Cancer is the second largest cause of death (after heart disease) in North America and Europe. Statistics from many countries serve constantly to inform us of how prevalent cancer is worldwide, even though one particular variation may be more predominant is one geographical region than another. The Traumatic cost in human lives, the dramatic cost of treatment and the need for rapidly advancing diagnoses and improving diagnostic methods for cancer, are clear for all to see. Current histopathological techniques for the detection and classification of cancer often lead to ambiguous diagnoses. Infrared and Raman spectroscopy have the potential to provide fast, accurate complementary techniques for the detection of many different forms of cancer. This book contains ten state-of-the-art chapters on the application of these techniques to the detection and classification of prostate, lymphatic, cervical, head and neck, and esophageal cancers, as well as reports on the application of vibrational spectroscopy to the study of individual human cells, and the identification of micro-organisms and erythrocytes, which should be of importance to spectroscopists and medical professionals alike.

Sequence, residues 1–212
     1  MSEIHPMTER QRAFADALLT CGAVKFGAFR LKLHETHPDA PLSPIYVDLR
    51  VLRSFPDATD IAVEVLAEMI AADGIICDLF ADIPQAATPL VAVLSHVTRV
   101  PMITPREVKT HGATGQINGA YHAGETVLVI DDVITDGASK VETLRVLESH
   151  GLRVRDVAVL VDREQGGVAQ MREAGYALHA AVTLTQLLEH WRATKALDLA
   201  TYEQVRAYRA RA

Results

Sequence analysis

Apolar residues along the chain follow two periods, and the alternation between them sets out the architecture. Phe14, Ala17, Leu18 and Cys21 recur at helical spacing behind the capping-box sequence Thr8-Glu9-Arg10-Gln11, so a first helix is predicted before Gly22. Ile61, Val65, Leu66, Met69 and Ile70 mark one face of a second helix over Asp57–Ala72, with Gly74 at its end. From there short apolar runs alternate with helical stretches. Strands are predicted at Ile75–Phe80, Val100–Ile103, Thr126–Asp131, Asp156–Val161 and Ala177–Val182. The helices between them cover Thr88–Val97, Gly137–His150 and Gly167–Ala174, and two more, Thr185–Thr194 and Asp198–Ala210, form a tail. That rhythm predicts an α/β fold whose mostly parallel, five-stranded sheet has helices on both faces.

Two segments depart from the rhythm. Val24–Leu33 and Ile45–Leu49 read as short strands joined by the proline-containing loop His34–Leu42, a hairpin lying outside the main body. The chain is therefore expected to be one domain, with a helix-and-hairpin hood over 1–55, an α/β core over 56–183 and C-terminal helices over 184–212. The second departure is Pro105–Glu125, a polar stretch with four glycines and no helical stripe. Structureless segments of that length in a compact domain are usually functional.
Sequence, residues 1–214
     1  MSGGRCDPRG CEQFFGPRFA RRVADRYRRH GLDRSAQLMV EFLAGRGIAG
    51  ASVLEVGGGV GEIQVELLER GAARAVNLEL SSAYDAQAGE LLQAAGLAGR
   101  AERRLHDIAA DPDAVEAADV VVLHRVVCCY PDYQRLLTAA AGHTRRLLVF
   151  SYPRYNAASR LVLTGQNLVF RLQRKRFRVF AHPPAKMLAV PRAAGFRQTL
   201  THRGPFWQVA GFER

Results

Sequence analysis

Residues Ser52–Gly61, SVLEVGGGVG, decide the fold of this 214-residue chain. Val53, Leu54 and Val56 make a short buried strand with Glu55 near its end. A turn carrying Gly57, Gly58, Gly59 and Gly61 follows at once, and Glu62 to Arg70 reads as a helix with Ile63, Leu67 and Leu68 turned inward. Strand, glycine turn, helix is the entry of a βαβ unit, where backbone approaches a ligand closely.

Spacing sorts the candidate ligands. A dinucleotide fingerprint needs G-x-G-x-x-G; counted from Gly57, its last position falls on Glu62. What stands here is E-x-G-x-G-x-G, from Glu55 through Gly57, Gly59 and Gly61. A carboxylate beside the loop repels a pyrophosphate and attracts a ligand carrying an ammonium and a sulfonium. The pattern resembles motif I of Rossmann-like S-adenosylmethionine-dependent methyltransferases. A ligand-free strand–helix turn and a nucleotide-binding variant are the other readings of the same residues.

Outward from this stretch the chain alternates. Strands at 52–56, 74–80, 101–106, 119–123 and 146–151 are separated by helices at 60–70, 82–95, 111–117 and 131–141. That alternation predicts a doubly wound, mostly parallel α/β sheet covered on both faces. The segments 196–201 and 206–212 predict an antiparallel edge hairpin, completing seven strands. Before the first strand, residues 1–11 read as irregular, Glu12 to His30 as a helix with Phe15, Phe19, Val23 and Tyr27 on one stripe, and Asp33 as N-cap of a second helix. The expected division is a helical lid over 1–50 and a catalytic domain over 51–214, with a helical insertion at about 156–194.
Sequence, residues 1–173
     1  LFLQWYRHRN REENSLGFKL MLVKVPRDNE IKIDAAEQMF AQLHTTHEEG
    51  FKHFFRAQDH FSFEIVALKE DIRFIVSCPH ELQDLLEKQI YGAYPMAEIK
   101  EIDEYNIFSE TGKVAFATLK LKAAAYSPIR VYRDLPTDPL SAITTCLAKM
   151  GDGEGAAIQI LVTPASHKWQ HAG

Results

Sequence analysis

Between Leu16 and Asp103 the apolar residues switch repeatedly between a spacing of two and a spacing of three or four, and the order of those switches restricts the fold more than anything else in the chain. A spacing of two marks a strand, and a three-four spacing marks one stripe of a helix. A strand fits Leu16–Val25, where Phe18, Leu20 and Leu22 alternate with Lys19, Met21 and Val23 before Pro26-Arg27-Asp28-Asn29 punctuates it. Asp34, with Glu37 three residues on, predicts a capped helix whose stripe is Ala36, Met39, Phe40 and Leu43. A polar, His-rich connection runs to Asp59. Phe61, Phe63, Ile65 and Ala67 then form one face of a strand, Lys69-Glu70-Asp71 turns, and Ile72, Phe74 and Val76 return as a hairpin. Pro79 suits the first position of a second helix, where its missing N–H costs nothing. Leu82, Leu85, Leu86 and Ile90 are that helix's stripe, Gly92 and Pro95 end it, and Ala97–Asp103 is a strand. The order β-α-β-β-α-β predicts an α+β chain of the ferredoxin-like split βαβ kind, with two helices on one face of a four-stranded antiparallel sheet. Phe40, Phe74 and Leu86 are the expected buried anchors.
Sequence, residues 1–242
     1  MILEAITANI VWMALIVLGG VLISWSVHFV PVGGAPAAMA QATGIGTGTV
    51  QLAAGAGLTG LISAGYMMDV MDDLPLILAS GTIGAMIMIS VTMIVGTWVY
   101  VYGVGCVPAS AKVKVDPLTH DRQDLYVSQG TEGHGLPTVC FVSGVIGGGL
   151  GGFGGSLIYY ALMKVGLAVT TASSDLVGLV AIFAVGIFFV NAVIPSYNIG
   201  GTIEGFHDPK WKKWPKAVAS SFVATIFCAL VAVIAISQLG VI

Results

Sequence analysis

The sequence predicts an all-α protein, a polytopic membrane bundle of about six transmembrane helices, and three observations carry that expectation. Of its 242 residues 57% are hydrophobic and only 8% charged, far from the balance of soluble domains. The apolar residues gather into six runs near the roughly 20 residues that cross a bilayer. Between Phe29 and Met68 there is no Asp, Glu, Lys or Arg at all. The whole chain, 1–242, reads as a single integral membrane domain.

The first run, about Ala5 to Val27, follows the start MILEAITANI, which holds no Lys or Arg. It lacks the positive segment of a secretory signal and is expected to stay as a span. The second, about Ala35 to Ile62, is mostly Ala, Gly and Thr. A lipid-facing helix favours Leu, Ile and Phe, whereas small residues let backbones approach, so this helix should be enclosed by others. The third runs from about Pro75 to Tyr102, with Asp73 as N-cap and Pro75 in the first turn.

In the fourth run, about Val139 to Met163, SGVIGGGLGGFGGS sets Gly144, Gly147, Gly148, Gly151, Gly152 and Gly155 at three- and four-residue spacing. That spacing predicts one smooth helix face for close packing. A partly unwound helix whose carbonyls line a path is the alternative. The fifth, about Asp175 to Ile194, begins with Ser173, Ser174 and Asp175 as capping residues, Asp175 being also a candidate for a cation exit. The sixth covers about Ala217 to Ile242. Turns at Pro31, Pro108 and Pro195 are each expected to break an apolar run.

This book provides an up-to-date account of the practical means, applications and potential of mid-infrared and Raman spectroscopy for the medical diagnosis of diseased tissue and cells. It will be of significant interest both to vibrational spectroscopists involved in developing technique for medical diagnosis, and to clinicians, histopathologists, medical practitioners and students working in the field, with whom the spectroscopists must work closely in multi-disciplinary teams.